MIKE BARNICLE IN THE BOSTON GLOBE: Scars of past critical today


February 22, 1998

He was thinking across all the lost years this week as he witnessed three important people sitting on a stage in Ohio like a collection of houseplants, incapable of explaining why we are on the verge of dropping tons of bombs on Iraq to do a job that actually requires a single bullet. The presentation was jarring because it reminded the man of so many things that took place three decades ago, each of them, in retrospect, various acts of a play critics were unable to close.

“During the Cuban missile crisis, I was working at the Peace Corps during the day and going to Georgetown Law at night,” Harold Pachios said yesterday. “And I can recall Kennedy coming on TV to make the case for the blockade. He had charts and pictures and he explained the whole thing to us “I was thinking about that when I saw Madeleine Albright at Ohio State,” Pachios continued. “Where are the pictures? Where’s the evidence? They haven’t made the case yet.”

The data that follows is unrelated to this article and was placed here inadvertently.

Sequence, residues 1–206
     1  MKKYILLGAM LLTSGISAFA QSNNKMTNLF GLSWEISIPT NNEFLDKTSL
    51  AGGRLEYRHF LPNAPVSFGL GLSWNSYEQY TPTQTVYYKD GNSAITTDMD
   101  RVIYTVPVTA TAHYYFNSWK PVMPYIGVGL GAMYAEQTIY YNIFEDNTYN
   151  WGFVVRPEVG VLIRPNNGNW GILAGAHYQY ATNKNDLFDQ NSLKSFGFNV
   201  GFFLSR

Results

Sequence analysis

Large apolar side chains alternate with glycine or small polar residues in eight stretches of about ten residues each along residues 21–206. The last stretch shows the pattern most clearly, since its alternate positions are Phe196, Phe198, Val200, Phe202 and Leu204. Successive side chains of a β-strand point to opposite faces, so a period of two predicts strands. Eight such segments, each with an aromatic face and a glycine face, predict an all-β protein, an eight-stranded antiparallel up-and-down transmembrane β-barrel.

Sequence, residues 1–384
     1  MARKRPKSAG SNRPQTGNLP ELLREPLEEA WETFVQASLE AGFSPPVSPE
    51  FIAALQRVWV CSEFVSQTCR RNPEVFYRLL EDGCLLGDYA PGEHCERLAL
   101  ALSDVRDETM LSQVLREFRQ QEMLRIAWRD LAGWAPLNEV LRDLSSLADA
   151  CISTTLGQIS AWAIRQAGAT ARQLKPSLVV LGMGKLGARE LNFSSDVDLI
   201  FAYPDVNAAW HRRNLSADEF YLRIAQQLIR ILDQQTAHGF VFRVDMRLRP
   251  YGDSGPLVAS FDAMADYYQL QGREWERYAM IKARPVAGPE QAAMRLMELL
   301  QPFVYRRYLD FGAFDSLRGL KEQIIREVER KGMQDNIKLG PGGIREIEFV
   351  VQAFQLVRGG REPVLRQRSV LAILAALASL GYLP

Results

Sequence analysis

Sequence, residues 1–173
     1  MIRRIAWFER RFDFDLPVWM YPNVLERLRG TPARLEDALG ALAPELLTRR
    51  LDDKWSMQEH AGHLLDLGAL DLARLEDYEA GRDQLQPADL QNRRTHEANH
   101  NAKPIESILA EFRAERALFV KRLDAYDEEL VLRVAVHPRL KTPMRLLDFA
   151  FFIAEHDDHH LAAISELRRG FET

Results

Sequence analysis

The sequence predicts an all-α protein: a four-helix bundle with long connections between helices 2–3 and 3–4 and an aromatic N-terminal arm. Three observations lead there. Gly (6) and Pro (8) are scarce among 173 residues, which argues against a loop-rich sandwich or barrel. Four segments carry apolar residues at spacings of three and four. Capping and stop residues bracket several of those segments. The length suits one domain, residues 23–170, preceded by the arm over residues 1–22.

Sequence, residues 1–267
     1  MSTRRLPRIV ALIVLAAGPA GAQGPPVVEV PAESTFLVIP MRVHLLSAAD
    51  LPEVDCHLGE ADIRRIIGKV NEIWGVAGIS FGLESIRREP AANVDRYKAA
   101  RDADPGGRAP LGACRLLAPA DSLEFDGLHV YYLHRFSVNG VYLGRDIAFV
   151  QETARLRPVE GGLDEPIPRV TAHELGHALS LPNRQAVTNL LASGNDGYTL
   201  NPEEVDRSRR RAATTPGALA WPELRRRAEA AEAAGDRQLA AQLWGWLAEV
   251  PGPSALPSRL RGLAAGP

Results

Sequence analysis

Today, Hal Pachios is a wonderful lawyer in Portland, Maine. He left the Peace Corps to work at the White House as an assistant press secretary to Lyndon Johnson, who had a dream of building a great society only to see it evolve into a nightmare, concocted by his own hand, which he was unable to remove from a bomb bay door over Vietnam.